I recently had a meeting with one of our high school students who is preparing to receive First Communion. I was supposed to evaluate whether or not she had the necessary knowledge and desire to receive the sacrament of the Eucharist.
Since the parents are the primary educators of their children in the Catholic faith, it was this girl’s parents who had been preparing her to receive the Eucharist. The parish, of course, offers support to the parents in this somewhat daunting task by offering classes for the adults to help them better understand their faith so that they might be able to pass it on to their children. So, as is the custom in the parish, a parent accompanied this girl to the meeting.
Before I even began the assessment with her, I first asked her father a couple of preliminary questions. Since we had been offering classes for parents specifically on the Eucharist to help their children prepare for First Communion, I asked him if he had attended any of them. He replied yes, that he was able to sit in on some of those classes. I gave him a positive reaction, glad that someone had been taking advantage of such an opportunity, and then asked what he thought of them: had he found them helpful, enjoyable, etc.? His answer to that question struck me. It went something like this:
Yeah, they were okay. I’m not the most spiritual person, so I didn’t really like how the guy would tell us that some things were mysteries that we just aren’t able to understand. I’m an educated man, and this isn’t the Stone Age. We have access to a lot of information, so I really don’t like people telling me that I can’t know something.
This sort of caught me off guard, and as I was hearing him say all of this, I had a lot of thoughts racing through my head about how I could respond. But that meeting was not really the time nor the place to get into an hour long Theological argument about our capacity for the knowledge and inability to know an infinite God. This interaction with him did, however, provoke a response in my own heart that I have been pondering as of late.
Human beings are finite creatures, which means they are limited in a lot of aspects. This should come as no surprise to any of us. We are all aware, sometimes painfully so, of our shortcomings or inability to do certain things. We know of our mortality (especially in the face of death), our weakness (especially when our health is poor), and our being limited by time and space. In other words, we can’t do it all.
Reason alone should lead one to acknowledge that since human beings are finite, they must owe their existence to something that is infinite. It makes sense that there would be some sort of Infinite Being that is responsible for the creation and sustaining of that which is finite. If everything was finite and therefore limited, then how could the world be held in existence?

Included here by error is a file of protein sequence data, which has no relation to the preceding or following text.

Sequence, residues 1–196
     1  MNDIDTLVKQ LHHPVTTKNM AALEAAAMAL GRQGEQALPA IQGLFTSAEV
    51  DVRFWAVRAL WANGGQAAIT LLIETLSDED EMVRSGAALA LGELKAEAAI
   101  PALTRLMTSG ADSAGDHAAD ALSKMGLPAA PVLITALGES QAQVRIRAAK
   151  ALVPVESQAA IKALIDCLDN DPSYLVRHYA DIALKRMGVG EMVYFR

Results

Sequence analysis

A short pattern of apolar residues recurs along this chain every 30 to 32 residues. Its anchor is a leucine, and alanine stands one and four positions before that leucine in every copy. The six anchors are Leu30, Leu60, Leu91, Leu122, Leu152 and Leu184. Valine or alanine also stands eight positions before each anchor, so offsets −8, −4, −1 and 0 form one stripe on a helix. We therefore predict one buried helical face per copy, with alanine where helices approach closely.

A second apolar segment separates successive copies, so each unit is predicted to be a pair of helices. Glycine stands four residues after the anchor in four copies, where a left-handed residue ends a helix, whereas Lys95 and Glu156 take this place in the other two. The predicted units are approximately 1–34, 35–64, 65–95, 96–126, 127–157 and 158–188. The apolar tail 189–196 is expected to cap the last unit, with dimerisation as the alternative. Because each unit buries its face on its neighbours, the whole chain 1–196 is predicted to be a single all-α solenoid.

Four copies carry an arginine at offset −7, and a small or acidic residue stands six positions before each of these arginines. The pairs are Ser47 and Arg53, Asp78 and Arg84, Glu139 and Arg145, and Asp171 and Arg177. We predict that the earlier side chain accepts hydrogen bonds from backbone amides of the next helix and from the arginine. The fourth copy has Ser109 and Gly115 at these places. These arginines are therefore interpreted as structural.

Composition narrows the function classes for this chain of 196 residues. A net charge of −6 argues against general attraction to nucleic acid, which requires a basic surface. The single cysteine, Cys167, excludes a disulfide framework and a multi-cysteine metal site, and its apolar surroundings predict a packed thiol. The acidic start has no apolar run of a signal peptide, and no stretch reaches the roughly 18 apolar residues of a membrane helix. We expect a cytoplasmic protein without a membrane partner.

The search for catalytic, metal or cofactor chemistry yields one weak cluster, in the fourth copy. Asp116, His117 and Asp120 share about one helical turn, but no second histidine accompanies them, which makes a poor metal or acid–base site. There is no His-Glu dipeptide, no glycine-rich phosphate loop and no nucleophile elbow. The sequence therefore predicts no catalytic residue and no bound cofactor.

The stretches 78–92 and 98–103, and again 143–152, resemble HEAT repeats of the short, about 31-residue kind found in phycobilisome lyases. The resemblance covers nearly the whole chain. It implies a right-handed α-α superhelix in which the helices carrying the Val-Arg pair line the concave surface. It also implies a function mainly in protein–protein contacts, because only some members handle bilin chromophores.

St. Anselm describes God as something than which nothing greater can be thought. All of us can very easily think of something that is greater than we are. Our everyday life experience constantly reminds us that we are limited in one way or another. So we know that we are not God, because we can think of something greater.
Now to return to the statement of that girl’s father in the meeting. If we believe that we are able to know and comprehend everything, then we must be God. Because if God is infinite, and if we were able to know everything about Him (i.e. nothing about Him or the Catholic faith was a mystery), then we also would be infinite. That which is finite is, by definition, limited. In the same way, that which is infinite is unlimited. That which is unlimited cannot be fully enveloped by that which is limited, otherwise it too would become limited. Something finite cannot contain, even in the sense of knowledge, that which is infinite. That would be a very clear contradiction of reality. St. Augustine even said: “Si comprehendis, non est Deus.” (If you understand him, he is not God.)
Ironically, how ignorant would it be on our part to assume that we could know all things! How completely backwards to believe that a finite creature could fully comprehend the infinite! Instead, one ought to embrace true humility and see reality as it is: we are not God. Therefore, we cannot know all things. St. Paul has a humbling line in his first letter to the Corinthians that reminds us of this: “For the foolishness of God is wiser than human wisdom, and the weakness of God is stronger than human strength.” -1 Corinthians 1:25
How boring the world would be if it were to lose all its sense of wonder and mystery! These are things that keep us striving after knowledge, adventure, and encourage man to seek and pursue something outside and higher than himself.
We should always keep striving to gain knowledge and understanding about the beautiful world in which we live, and the Infinite Being responsible for creating and sustaining it. But for a finite human being, true wisdom is marked not by knowing everything, but by knowing that you do not.